Din­ners with Ruth: A Mem­oir on the Pow­er of Friendships

  • Review
By – October 24, 2022

Nina Toten­berg spent fifty years com­pil­ing this book. That is how long she and the late Supreme Court jus­tice Ruth Bad­er Gins­burg were in con­ver­sa­tion. Luck­i­ly, Toten­berg, a vet­er­an NPR jour­nal­ist cov­er­ing the Supreme Court, had dozens of con­ver­sa­tions, din­ner par­ties, and record­ed inter­views with her friend Jus­tice Ginsburg.

Din­ners with Ruth presents a fab­u­lous col­lec­tion of per­son­al anec­dotes about how the icon­ic jus­tice became a fierce pro­tec­tor of human rights and women’s lib­er­ties and how she rose in the field of law despite fac­ing end­less sex­ism. It speaks to her acute intel­li­gence and pre­science, her undy­ing com­mit­ment to jus­tice in both pub­lic and pri­vate, and her piquant per­son­al­i­ty. For exam­ple, when she once heard that one of her clerks was hav­ing trou­ble get­ting his child into day­care, she walked into the facil­i­ty and sim­ply intro­duced her­self. Prob­lem solved, she said, in her soft-spo­ken yet forth­right style.

The author’s own sto­ry fea­tures as well. Totenberg’s tales of report­ing on famous court cas­es, pres­i­dents, crime, and women’s rights offer a fas­ci­nat­ing glimpse into the evo­lu­tion of Amer­i­can law and polit­i­cal cul­ture, no less inter­est­ing than her rev­e­la­tions about Jus­tice Ginsburg’s life. Dri­ven by an impres­sive gutsi­ness to fol­low sto­ries to the end — even when she was the only woman in the room, even when J. Edgar Hoover called her a per­sis­tent bitch” — Toten­berg has led an elec­tri­fy­ing and enter­tain­ing life.

Both the chil­dren of Jew­ish immi­grant par­ents, Jus­tice Gins­berg and Toten­berg are women who broke glass ceil­ings for the rest of us, who had exhil­a­rat­ing front-row seats to some of the most impor­tant events and trends of the twen­ti­eth cen­tu­ry, and who used their pow­er­ful plat­forms and posi­tions to shape Amer­i­can soci­ety, polit­i­cal dis­course, and civ­il rights.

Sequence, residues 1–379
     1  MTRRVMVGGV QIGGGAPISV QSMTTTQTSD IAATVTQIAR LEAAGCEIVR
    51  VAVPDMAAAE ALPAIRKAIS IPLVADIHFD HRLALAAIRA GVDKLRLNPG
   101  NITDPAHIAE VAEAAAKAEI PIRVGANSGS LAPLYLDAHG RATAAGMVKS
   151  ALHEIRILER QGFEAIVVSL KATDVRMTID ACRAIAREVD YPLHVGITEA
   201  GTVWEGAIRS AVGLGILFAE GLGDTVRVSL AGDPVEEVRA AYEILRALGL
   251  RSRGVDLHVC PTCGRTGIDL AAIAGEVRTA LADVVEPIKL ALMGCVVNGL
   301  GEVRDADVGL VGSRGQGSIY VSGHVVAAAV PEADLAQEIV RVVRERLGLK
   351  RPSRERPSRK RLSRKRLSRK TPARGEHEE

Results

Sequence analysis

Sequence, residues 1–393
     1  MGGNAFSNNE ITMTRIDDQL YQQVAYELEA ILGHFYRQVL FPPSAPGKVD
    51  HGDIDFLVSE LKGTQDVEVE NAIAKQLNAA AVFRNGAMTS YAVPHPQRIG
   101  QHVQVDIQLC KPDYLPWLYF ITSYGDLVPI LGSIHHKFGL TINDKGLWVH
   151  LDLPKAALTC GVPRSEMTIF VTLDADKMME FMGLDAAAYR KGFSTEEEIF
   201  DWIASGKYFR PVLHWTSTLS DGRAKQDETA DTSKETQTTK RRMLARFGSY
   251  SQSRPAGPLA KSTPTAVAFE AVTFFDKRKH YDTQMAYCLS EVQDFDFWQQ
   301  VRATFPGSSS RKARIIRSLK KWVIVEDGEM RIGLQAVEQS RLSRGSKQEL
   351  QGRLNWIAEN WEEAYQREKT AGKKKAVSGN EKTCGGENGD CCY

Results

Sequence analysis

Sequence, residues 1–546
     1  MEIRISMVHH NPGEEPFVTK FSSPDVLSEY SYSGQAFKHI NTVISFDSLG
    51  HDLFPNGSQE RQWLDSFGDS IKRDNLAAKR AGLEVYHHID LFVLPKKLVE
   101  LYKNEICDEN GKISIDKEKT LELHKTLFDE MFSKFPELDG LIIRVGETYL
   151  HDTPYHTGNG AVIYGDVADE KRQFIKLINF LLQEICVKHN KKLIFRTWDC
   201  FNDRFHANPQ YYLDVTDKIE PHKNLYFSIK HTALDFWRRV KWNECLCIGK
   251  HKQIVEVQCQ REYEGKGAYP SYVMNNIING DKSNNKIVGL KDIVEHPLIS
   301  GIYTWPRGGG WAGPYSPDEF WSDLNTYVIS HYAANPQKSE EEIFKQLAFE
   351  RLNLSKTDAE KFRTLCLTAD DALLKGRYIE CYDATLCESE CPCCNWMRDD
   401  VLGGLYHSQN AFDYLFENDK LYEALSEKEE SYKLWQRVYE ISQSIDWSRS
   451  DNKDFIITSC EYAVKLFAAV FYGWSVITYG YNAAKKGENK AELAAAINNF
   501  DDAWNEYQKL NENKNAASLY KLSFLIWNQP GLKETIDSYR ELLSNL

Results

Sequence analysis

It is quite remark­able how long the women were such good friends. They met in 1971 at the Supreme Court when Toten­berg was cov­er­ing the famous Deer tri­al that estab­lished the uncon­sti­tu­tion­al­i­ty of dis­crim­i­na­tion based on sex. Jus­tice Gins­berg, mean­while, was argu­ing the cause on behalf of the ACLU. This was four years before Toten­berg start­ed work­ing for NPR and twen­ty years before Jus­tice Gins­burg was sworn into the Supreme Court. Their friend­ship tran­scend­ed job changes, mete­oric ris­es in fame, polit­i­cal ten­sions, and rad­i­cal shifts in Amer­i­can dis­course, as well as per­son­al tragedies and loss­es. It is a mem­o­rable tale of two female friends, each with unique career ambi­tions, who saw in each oth­er sources of sup­port, care, and love. It’s a beau­ti­ful, if in some ways priv­i­leged, story.

The book is as much a tes­ta­ment to the impor­tance of friend­ship — espe­cial­ly female friend­ship — as it is about Jus­tice Ginsburg’s or Totenberg’s lives. While not every­one has the oppor­tu­ni­ty to cre­ate the kinds of star­tling careers that they did, every­one has the chance to build last­ing, mean­ing­ful friend­ships. This book is a reminder that while our cul­ture often views one’s career as their life lega­cy, it is per­haps these kinds of rela­tion­ships that tell the truth about a person’s worth and con­tri­bu­tions to the world.

Dr. Elana Sztok­man is a Jew­ish fem­i­nist anthro­pol­o­gist, edu­ca­tor, activist, and author, and two-time win­ner of the Nation­al Jew­ish Book Coun­cil Award. Her most recent book is When Rab­bis Abuse: Pow­er, Gen­der, and Sta­tus in the Dynam­ics of Sex­u­al Abuse in Jew­ish Cul­ture (Lioness Books, 2022).

Discussion Questions